NEAR WEST SIDE — Historical photos of the Maxwell Street market were a big part of the inspiration for a new mural going up along an embankment wall on South Morgan Street.
University Commons condo residents — along with University Loft and University Village residents — have been pushing for the mural slated to go up on Morgan Street between 15th Street and the railroad viaduct.
Historical photos provided by the Maxwell Street Foundation preservation group largely inspired the mural. The various themes focus on the city’s railroad industry of the mid-1800s, the South Water produce market of the 1920s, and the bustling Maxwell Street market from the mid-19th century into the 20th century.
University Commons resident Nancy Plax said the mural’s been about a year in the making.
“It’s an educational thing for the community. And it’s an ugly wall that we wanted to paint,” Plax said, laughing.
Plax found her own inspiration through a series of pictures by amateur photographer Charles Cushman, who left more than 14,000 color photographs taken over 32 years to Indiana University.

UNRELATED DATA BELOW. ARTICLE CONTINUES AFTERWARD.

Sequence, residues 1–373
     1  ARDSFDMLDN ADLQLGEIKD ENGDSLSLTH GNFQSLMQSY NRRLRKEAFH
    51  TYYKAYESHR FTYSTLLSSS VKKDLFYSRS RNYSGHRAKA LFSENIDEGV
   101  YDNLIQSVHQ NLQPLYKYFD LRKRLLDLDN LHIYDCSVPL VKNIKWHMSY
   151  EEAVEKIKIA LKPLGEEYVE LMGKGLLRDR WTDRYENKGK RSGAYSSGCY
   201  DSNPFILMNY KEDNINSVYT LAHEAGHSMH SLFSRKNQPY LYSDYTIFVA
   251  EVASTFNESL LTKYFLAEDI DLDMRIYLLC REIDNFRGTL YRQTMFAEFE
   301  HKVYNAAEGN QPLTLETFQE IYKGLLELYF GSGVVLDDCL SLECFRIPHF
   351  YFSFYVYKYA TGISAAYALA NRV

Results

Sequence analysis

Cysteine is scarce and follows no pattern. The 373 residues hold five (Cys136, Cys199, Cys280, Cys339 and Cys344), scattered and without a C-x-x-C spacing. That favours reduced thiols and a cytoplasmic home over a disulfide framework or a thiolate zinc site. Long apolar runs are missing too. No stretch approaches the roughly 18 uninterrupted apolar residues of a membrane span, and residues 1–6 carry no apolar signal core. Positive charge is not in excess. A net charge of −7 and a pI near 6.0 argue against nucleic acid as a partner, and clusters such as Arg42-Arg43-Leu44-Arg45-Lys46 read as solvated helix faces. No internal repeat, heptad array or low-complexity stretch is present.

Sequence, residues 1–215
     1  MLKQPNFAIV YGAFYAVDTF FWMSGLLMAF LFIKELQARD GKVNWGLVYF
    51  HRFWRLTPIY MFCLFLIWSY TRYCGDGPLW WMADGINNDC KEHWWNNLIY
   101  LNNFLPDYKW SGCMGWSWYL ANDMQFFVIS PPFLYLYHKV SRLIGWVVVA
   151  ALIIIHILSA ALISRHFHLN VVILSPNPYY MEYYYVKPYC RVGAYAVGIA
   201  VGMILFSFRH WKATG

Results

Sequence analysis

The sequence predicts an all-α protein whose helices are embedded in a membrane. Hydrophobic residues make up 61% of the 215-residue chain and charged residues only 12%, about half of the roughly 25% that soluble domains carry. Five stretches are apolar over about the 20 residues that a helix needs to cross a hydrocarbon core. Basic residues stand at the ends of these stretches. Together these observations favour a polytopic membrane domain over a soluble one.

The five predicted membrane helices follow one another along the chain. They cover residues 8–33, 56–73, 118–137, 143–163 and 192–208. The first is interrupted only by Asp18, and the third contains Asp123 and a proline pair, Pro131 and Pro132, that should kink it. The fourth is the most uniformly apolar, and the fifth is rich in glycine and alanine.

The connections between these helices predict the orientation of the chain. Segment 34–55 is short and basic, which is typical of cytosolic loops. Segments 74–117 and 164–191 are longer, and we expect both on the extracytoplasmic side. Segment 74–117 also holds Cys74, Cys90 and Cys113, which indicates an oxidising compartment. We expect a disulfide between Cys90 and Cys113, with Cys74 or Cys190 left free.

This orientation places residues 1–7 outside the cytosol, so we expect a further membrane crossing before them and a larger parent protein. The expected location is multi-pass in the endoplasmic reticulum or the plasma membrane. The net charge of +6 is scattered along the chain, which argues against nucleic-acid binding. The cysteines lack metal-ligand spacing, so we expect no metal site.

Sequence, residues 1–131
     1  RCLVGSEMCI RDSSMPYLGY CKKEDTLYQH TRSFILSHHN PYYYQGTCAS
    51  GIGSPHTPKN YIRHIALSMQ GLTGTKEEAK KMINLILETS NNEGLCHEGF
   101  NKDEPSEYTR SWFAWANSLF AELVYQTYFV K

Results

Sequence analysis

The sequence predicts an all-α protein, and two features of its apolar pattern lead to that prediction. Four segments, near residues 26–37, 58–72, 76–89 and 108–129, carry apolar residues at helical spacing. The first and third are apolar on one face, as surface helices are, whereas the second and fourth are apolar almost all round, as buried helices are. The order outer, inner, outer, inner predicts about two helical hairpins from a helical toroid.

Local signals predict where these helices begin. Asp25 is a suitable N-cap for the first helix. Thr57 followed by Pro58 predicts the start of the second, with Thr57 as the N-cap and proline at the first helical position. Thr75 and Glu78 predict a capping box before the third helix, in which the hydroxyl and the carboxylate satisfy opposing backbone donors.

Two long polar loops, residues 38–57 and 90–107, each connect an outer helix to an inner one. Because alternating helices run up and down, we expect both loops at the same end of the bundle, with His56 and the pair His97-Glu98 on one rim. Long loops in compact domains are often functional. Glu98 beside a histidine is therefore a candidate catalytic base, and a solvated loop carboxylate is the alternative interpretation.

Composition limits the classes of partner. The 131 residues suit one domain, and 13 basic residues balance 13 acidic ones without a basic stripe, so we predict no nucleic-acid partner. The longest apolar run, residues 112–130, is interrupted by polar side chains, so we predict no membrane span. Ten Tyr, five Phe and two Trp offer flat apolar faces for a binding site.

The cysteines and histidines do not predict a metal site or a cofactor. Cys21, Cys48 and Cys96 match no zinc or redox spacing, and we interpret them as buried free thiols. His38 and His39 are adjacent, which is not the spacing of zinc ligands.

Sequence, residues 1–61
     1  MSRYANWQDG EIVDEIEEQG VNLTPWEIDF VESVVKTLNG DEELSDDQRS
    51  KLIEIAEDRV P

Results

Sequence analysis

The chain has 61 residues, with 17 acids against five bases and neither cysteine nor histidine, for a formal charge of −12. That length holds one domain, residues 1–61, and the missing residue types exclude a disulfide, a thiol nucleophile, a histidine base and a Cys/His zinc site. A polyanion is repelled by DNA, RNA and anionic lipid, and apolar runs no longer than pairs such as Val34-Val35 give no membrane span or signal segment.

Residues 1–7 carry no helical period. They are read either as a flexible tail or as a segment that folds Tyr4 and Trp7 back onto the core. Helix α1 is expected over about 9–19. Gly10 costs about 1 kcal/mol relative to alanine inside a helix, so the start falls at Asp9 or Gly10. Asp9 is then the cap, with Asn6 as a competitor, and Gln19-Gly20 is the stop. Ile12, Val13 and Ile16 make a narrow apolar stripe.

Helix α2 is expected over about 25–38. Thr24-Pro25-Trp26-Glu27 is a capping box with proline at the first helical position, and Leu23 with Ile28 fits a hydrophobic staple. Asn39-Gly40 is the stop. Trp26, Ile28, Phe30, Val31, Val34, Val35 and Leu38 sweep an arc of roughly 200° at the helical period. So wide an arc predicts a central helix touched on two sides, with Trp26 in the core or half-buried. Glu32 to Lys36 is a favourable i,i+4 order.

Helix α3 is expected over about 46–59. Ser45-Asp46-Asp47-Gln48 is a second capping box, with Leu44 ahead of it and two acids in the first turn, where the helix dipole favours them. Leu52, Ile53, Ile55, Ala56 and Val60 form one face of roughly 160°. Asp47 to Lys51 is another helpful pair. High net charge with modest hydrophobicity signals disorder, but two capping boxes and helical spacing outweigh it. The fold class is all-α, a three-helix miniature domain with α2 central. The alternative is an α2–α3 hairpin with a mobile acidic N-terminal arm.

“I went through every single one of his pictures and then started writing down the ones connected to our area,” Plax said.
Those photos — and others that inspired the mural — are now up on Mural on Morgan’s Facebook page.
That was last December. Since then, Plax and other Mural on Morgan commitee members have spent many hours researching and raising money for the mural.
And, while Ald. Danny Solis (25th) approved the mural as part of his “Art in Public Places” project, the funding — more than $10,000 — has all come from the community, Plax said.
Artist Nick Goettling already has begun stenciling figures on the mural, which Plax said should be finished by early October. University Commons will sponsor a “chalk-drawing festival” to raise more money for the mural on Sept. 22. Artists, adults and children are welcome to the fest, which will go from 10 a.m. to 1 p.m.
“Even though our building is old, all the development around this is very new. And people just don’t know or understand what the neighborhood used to be like,” Plax said. “We’re just really proud of where we live, and we have a lot of history here that we want to share with people.”